• Accessibility varies widely across enterprise viewers, whether access is local or remote, by internal or external physicians, PC or Mac, and client-based or mobile devices. From a usability perspective, many browser-based enterprise viewers do not widely support gesture-based inputs on mobile devices, versus native apps designed for iOS devices.
  • Interoperability varies widely across enterprise viewers, from the support of standards, to the ability to integrate with the EHR and everywhere in between. For example, no zero footprint/HTML5 viewers provide the level of interoperability required for the integration required for the orchestration of diagnostic interpretation. A little known fact is that when diagnostic workflow is required, vendors with zero footprint viewers cleared for diagnostic use instead use non-browser-based “apps” due to the interoperability limitations and dependencies of the web browser.

3 - Artificial Intelligence (AI)

The drumbeat of AI continued at SIIM 2018, including a record 22 “Start-Up Street” vendors, most of which promote AI-based solutions. SIIM’s educational program include dedicated education sessions on AI, the AI smack-down (“Will computers replace radiologists?”) and Curt Langlotz’s closing session, “Imaging Collaboration: From Pen and Ink to Artificial Intelligence”. Is it all just buzz? Yes and no. Multiple vendors have achieved FDA (CE, or Health Canada) clearance of their algorithms for diagnostic use, or have algorithms somewhere in the review process. Additionally, multiple academic institutions with data science initiatives discussed how their institutions have placed self-developed algorithms into clinical use, some for several years.

AI Higher Res

Yes, there’s also lots of discussion about vision, strategy, and capabilities, but what will be the ultimate barometer when AI finally moves out of the buzz phase? Is it when third-party algorithms begin to be purchased by healthcare institutions on a significant scale, and integrated into interpretation workflow? Is it when some third-party algorithms have a broad install base, and proven benefits documented via peer-reviewed articles? Is it when traditional imaging informatics vendors start rolling out AI-powered capabilities “under-the-hood”? Or is it a little of all the above?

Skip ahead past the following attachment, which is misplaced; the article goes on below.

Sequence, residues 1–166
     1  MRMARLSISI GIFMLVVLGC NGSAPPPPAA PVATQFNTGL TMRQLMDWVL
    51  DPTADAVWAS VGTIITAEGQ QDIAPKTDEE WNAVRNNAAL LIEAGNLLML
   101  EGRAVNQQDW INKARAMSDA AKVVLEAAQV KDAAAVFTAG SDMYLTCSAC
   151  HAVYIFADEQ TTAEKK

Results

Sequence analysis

4 - Imaging Informatics 'War Stories' Exposed

It’s widely understood that the imaging community does not do a great job communicating the results of the successful implementation of imaging informatics technologies. And when successes are discussed, frequently the public discussion of vendor names and technologies are withheld, unless a one on one discussion occurs. On the flip side, when imaging informatics technologies don’t work as expected, the public discussion of failures is even less prevalent. Poorly performing solutions are almost never discussed publicly.

In an age of social media where everything is rapidly rated and commented on, isn’t it sad that imaging informatics successes and failures are by and large kept behind closed doors? In design thinking, rapid failures are often considered positive, necessary steps in the process of long term successful design. Imagine if things were different in healthcare? One could imagine that market forces would quickly lead to the implementation of the best solutions, with weaker solutions being shown the door or never implemented at all. Imagine how healthcare would benefit from these changes, the elimination of waste and the savings the system could enjoy? One can dream…

Getting back to SIIM 2018, we applaud SIIM for the roundtables, data flow and whiteboard sessions, as well as the excellent discussions: “Learning from Your Mistakes: War Stories From the Frontline” and “Change Toxicity in Health IT: Symptoms, Diagnosis and Treatment”. SIIM clearly set the tone for the meeting with “Inspiring Collaboration”, and in this spirit more imaging leaders and professionals seemed to be open this year to discussing their challenges and what didn’t go as expected. While names were not named, the discussions of failed implementations, challenging and ineffective governance, the difficulties managing change and poorly performing technology were openly discussed and debated.

Thank you to SIIM and the courageous leaders that participated in these war story discussions. What a great service this is to the industry! Everyone has successes and failures with things that could have gone better. We all learn from the conversation, and we’re a stronger industry for the discussion.

5 - Patient Empowerment and Calls to End CDs

The opening keynote from ePatient Dave DeBronkart, “Doctors and Patients on the Same Page: Welcome to the Age of Participatory Medicine” was thoroughly inspirational and you could sense imaging professionals were carrying forward his charge in the meeting. They felt empowered to challenge the status quo, stop saying ‘no’ and replace it with ‘yes’, and give patients convenient access to their radiology data and images. If you missed ePatient Dave’s SIIM talk, you can checkout his TED Talk via this link.

Dr. Alexander Towbin’s hashtags of #NoMoreCDs and #DitchtheDisk, were echoed by other industry leaders including Dr. Geraldine McGinty, the new Chair, ACR Board of Chancellors. Our industry keeps creating CDs/DVDs and yet, most new PCs/Macs don’t come with CD/DVD drives. Hopefully the days of the CD/DVD are numbered in medical imaging, but given the prevalence of fax machines in healthcare, I am not so sure…

Well, that’s our top five for SIIM 2018! Next year, SIIM 2019 is in Denver, Colorado! Thank you for listening and I look forward to hearing your feedback.